Fortuna is an example of the large private properties appropriated by the military during World War II, and has been in Defence control since 1942, when it was acquired as a base for mapping activities. It was the headquarters of the Survey Corps, later the Army Survey Regiment, until 1966 when it became the Defence Imagery and Geospatial Organisation (DIGO). The work of the regiment was highly important for the war effort, as preparing maps was a matter of urgency. New techniques based on American methods were developed at Fortuna, including innovations in aerial photographic surveys, and cartographic and lithographic techniques. (Criterion A)
Fortuna has a number of features which are rare in Victoria. It was rare for such a lavish house to be built so close to the industrial works that were source of the wealth that created it, in this case the crushing works for the ore from the Ballerstedt and later the Lansell gold mines. This reflects the need for security to protect the gold produced on the site. The survival of a nineteenth century villa estate, with a grand house surrounded by its original garden, is also unusual in an urban setting, and many of Fortuna's garden structures, such as the iron fountain, rotunda and iron arbour are now relatively rare. Other rare features at Fortuna include the Pompeii fountain and the Roman bath, whose significance is increased by its origin as a tailings treatment pool built by the Ballerstedts in the 1860s. (Criterion B)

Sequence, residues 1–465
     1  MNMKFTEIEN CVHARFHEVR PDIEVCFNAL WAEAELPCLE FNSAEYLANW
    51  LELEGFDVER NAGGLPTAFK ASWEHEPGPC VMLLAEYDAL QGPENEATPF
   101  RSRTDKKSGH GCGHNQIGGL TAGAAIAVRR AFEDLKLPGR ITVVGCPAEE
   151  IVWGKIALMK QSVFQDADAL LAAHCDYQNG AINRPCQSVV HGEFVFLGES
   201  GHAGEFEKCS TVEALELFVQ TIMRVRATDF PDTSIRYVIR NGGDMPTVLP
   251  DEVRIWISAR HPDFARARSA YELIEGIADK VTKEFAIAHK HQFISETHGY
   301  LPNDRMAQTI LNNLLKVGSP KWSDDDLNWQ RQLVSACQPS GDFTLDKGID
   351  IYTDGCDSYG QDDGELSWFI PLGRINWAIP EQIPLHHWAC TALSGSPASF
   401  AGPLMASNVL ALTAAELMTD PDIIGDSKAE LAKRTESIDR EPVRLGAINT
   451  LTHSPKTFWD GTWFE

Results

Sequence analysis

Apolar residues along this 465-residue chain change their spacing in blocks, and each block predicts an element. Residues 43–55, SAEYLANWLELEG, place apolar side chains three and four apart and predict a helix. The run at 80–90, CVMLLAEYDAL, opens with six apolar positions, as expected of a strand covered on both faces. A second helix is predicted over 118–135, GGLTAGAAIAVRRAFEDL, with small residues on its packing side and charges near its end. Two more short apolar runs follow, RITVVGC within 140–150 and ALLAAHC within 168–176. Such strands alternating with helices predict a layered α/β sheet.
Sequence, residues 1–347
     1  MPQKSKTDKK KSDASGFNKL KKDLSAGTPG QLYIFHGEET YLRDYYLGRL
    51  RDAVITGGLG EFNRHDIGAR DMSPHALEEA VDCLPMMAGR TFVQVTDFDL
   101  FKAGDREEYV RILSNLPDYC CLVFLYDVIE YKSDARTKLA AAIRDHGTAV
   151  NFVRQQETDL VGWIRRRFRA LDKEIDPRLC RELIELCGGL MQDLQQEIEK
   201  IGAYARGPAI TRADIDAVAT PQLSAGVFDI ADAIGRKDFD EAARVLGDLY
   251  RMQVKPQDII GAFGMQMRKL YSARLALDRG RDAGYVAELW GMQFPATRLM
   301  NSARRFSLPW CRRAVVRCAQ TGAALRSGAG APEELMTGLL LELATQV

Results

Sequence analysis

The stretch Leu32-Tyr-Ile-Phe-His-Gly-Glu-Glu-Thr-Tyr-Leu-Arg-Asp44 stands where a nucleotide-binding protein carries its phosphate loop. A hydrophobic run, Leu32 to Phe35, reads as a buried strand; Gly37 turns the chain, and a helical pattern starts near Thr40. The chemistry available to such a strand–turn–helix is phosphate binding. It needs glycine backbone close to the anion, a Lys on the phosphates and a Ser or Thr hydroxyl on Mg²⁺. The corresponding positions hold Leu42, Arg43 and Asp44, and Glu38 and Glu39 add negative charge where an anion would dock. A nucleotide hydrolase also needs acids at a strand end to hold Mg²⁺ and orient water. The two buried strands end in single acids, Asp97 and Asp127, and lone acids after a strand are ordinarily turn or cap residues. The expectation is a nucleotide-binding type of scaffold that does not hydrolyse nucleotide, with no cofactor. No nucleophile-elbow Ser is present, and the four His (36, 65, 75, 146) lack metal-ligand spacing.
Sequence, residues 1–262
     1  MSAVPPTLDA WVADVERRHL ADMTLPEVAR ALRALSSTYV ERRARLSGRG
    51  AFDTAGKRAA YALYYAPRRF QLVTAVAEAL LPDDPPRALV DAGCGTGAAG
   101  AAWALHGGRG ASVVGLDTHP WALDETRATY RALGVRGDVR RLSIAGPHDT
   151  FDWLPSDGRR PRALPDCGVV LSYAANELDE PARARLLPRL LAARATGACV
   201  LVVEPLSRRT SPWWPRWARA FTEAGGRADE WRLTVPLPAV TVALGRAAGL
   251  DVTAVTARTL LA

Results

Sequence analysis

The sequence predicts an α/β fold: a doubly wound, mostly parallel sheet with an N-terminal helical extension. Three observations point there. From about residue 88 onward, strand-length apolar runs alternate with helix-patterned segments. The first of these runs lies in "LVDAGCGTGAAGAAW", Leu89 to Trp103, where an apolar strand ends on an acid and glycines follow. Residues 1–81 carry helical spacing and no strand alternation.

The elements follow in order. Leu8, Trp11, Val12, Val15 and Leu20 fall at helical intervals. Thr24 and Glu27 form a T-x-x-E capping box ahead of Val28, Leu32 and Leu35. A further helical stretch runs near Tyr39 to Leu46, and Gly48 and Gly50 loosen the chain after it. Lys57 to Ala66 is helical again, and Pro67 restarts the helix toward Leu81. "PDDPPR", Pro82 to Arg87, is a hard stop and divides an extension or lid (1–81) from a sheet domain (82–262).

Fortuna has archaeological significance for its potential to contain historical archaeological features, deposits and objects associated with the establishment, development and use of the place. In particular the battery house is likely to contain archaeological features and relics associated with the operation of Lansell's quartz crushing battery (and possibly remains of an earlier battery belonging to Ballerstedt), and other mining activities.
The area in the direct vicinity of the house has the potential to contain historical archaeological features, deposits and objects associated with the construction and use of the place, including sub-floor deposits, refuse and garden or landscape features. (Criterion C)
Fortuna is an outstanding and relatively intact example of an extensive nineteenth century villa estate. The house, developed over several decades, is significant as one of the grandest residences built in Victoria in the nineteenth century. The villa is significant for its outstanding collection of stained and etched glass windows, for its ornate plaster and pressed metal ceilings and parquet floors, and for its now rare intact early bathrooms. The conservatory is significant for its outstanding glass workmanship, and is regarded as among the most important examples of its kind in Australia. The Pompeii fountain is unique in Victoria and indeed in Australia. The Roman bath is significant as a rare feature in a nineteenth century villa, and is the only known surviving private swimming pool from this period in Victoria. (Criterion D)